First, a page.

The interbank lending rate is on the rise again...
IT SEEMS the financial markets have caught a runny nose. But at this point, it's hard to say if it's the runny nose that follows a mild allergic reaction or the one that precedes a life-threatening pneumonia, writes Eric Fry in the Daily Reckoning.
Despite a chronic case of the sniffles, the stock and bond markets of the world have performed reasonably well for most of the last of the two years. Even though the financial markets are acutely allergic to most strains of credit distress, Dr. Bernanke's "Liquidity Elixir" has provided an effective antidote so far.
Even so, we suspect the elixir is treating symptoms, rather than the disease itself. Debt liquidation — either by repayment or default — continues to hobble economic growth worldwide, and also to terrify stock market investors.
Economies usually thrive when private-sector credit is expanding, and struggle when private-sector credit is contracting. The latter circumstance is the one that pertains today. To make matters worse, public-sector credit is expanding.
In effect, the US Postal Service and the IRS are increasing their indebtedness, while Apple Computer and ExxonMobil are reducing theirs. Unfortunately, "cost centers" like the IRS do not create employment growth; "profit centers" like Apple Computer do.
Therefore, when a country's profit centers are retrenching, its job-creating engines will also be retrenching. And when a country's job-creating engines are retrenching, nothing good can happen. Employment growth stagnates and credit distress accelerates throughout most parts of the economy.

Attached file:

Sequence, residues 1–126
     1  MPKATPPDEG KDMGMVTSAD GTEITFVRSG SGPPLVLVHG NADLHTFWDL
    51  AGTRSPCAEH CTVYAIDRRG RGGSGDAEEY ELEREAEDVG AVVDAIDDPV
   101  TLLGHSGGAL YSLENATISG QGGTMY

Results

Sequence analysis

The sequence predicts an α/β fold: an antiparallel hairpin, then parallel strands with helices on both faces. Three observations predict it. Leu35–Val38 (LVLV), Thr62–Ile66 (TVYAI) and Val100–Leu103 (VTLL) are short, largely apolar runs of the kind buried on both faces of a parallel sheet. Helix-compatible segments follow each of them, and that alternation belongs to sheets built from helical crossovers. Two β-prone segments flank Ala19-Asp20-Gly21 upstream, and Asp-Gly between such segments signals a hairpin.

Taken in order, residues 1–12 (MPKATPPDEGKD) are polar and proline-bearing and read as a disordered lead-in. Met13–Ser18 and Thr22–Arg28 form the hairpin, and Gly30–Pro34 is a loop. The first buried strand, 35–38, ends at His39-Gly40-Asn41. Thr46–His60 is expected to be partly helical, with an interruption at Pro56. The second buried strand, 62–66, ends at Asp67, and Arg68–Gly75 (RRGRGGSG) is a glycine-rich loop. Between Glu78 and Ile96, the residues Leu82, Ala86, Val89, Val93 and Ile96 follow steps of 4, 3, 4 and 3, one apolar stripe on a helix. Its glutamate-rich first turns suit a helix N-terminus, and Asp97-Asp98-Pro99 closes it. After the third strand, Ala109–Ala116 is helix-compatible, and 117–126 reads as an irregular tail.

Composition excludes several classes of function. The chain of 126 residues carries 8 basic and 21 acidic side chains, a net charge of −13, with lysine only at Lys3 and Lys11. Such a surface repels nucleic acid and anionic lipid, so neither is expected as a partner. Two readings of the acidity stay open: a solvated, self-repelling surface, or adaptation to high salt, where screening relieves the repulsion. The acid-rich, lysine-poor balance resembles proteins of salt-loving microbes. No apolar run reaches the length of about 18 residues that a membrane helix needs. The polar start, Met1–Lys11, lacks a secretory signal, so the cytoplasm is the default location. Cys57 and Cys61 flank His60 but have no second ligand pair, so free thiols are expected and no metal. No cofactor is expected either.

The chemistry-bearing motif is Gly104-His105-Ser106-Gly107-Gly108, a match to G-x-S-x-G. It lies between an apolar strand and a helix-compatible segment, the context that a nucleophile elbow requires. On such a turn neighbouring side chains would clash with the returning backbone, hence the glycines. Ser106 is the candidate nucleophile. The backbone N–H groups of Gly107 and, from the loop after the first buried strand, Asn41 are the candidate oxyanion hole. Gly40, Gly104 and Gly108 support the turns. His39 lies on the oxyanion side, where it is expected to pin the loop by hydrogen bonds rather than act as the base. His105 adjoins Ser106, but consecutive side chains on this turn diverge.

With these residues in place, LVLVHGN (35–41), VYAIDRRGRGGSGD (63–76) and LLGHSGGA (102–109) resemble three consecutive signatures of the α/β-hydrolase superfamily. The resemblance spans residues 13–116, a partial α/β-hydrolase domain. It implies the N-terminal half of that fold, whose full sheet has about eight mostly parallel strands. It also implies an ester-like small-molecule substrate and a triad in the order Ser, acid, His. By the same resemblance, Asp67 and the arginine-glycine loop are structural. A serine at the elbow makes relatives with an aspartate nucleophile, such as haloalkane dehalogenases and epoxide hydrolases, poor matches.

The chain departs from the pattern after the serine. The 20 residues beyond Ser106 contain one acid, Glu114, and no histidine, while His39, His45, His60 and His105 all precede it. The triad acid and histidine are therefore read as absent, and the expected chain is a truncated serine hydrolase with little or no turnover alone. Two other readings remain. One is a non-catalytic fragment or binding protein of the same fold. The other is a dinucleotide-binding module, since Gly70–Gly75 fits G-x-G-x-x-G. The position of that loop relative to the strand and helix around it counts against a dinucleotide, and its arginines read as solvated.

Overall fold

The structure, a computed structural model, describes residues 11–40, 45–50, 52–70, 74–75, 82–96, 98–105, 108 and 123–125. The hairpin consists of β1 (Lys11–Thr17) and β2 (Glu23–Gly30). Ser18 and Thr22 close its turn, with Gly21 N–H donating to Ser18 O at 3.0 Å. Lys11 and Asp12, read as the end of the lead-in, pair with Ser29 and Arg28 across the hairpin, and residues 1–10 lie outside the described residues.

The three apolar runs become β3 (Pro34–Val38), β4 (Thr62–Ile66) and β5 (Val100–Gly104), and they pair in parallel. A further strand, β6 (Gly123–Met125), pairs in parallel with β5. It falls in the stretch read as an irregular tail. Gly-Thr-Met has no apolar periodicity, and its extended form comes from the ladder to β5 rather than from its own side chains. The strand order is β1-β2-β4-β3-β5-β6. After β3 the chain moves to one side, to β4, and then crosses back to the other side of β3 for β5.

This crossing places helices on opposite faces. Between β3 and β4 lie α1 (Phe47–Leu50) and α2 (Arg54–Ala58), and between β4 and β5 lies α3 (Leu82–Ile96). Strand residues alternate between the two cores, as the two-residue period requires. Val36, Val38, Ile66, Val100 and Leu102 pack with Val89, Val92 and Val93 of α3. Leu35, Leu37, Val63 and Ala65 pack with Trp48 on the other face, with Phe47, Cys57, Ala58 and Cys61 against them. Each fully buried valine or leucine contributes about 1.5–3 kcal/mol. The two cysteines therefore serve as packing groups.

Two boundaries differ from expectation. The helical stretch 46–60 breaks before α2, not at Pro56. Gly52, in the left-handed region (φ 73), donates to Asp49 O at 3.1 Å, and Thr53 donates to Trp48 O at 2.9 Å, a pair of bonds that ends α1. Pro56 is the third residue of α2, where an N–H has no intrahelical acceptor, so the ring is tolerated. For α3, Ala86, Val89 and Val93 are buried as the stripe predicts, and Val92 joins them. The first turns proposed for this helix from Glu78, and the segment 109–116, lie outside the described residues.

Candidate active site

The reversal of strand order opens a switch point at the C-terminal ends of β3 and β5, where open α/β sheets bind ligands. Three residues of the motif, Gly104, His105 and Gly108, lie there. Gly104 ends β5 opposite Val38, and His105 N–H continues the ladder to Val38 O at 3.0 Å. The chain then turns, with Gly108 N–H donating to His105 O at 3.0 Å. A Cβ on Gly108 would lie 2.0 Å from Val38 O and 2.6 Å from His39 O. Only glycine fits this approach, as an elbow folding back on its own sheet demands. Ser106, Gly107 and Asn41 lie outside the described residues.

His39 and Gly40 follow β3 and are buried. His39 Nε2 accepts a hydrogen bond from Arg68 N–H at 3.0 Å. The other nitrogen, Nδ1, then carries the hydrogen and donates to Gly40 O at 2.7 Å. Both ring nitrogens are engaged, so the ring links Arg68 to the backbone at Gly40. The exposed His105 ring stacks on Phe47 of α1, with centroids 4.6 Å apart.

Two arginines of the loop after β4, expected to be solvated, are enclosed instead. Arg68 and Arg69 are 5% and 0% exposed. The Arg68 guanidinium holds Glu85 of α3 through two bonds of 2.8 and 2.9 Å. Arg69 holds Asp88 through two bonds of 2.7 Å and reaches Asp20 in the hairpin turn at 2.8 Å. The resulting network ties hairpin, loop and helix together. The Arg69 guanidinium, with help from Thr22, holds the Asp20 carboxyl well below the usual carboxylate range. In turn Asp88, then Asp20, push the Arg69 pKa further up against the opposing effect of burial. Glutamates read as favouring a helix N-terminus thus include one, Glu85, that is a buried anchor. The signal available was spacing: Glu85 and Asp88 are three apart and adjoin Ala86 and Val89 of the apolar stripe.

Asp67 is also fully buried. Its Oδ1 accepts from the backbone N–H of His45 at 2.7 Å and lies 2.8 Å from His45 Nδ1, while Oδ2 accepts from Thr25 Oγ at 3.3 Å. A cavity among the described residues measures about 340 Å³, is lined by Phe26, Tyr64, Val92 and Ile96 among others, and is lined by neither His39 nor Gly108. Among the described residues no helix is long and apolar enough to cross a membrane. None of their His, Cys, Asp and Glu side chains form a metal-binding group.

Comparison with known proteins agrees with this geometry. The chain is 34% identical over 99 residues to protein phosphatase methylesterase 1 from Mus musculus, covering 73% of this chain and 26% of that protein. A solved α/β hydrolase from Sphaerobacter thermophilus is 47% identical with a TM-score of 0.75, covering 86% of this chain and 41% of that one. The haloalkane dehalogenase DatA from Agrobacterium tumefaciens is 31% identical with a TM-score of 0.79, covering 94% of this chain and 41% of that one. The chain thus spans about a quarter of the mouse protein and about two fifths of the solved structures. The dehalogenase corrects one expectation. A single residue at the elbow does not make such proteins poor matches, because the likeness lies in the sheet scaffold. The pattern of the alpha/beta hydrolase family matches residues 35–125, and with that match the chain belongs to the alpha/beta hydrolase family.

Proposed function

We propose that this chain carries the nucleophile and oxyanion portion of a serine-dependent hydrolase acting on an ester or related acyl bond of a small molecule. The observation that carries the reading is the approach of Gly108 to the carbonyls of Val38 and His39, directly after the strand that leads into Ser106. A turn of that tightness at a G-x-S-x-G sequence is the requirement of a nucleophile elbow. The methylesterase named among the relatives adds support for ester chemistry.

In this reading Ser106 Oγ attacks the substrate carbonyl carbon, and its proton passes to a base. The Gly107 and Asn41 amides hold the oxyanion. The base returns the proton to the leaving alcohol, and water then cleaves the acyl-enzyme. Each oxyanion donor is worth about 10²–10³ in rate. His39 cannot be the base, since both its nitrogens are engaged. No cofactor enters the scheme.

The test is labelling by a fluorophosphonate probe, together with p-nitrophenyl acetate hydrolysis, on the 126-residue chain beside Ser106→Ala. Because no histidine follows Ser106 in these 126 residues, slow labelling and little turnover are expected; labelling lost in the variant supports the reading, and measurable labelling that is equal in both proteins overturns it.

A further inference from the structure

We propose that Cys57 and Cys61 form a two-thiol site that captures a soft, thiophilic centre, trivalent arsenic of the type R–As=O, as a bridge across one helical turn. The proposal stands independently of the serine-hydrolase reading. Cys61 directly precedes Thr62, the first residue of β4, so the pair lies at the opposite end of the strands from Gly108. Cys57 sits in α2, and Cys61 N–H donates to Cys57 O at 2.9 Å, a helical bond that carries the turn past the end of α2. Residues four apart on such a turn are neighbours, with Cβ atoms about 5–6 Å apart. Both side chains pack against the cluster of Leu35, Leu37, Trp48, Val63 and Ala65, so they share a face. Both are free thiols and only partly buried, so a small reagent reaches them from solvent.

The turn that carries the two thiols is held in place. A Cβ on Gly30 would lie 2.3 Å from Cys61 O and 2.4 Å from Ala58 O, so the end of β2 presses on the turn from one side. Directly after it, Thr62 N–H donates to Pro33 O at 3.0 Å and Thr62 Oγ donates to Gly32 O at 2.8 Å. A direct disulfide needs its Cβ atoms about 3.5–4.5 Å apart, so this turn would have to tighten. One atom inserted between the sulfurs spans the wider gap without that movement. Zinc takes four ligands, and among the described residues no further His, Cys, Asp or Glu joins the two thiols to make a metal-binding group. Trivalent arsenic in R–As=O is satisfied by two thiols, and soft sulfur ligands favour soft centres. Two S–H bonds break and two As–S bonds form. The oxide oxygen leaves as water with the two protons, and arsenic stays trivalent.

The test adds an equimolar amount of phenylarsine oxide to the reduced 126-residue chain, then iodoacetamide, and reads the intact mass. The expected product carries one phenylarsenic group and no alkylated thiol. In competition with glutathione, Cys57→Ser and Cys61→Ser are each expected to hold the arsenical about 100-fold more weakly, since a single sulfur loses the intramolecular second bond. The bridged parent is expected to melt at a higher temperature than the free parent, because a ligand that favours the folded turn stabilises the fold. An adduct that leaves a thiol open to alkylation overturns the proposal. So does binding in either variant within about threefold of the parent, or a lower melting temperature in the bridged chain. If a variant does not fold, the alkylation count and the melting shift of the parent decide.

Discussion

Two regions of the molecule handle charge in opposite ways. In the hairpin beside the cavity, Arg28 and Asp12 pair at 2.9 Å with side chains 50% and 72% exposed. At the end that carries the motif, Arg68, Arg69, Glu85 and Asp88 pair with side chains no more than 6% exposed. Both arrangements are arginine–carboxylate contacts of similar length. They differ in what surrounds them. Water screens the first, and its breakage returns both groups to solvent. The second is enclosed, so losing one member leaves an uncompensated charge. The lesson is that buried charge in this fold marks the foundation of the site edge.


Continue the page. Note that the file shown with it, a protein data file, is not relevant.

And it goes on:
Welcome to America, 2011.
Despite trillions of Dollars of federal stimuli, the US economy can't seem to shake off its hangover. Businesses are slow to invest and slow to hire. As a result, household finances continue to deteriorate...and defaults continue to mount.
Not surprisingly, many of the world's largest financial institutions are just as sick as they were three years ago. And many of the world's largest governments are even sicker. Dr. Bernanke's elixir may be able to work wonders, but it can't work miracles.
Bad loans go bad...eventually.
Bad loans go bad, no matter whether the borrower is a mortgage-holder who "bought" more house than he could afford or a government that promised more benefits than it could afford.
The only time a bad loan "goes good" is when a central bank or a national treasury or some other "angel investor" intercedes to rescue the lender from his own incompetence.
The problem with this selective intercession is that it alters the course of history for selected institutions or individuals, but not for the economy at large. Selective intercession is a sand castle. It might divert a wave or two. But after three waves, you would never know the thing was ever there.
Three years after the bailouts of 2008, the sand castles of government intervention are gone. Only the pounding surf of debt liquidation remains...and the surf is pounding away, both at European governments and at American households. As such, the signs of credit distress are increasing.
These signs take various forms. But one of the most telling forms is the direction of LIBOR interest rates. LIBOR stands for "London Interbank Offered Rate." It is the rate at which banks borrow unsecured funds from other banks in the London wholesale money market (or interbank lending market).
In most circumstances, LIBOR rates track short-term Treasury rates. But in the midst of crisis conditions, LIBOR rates tend to spike, while Treasury rates fall. That's exactly what happened during the credit crisis of 2008, as the chart below illustrates.
In the depths of the crisis, LIBOR rates soared, reflecting the reluctance of banks to lend money to other banks. The more worrisome the crisis seemed to be, the higher LIBOR rates climbed. As such, the LIBOR rate functioned as a kind of "fear gauge."
And so it remains...
During the last few weeks, LIBOR rates have been on the rise once again. They have not risen high enough to sound a distress signal, but they have risen high enough to raise an eyebrow.
Let's call it an early warning sign.
So whatever else you may be watching to guide your investment decisions, don't forget to watch LIBOR.
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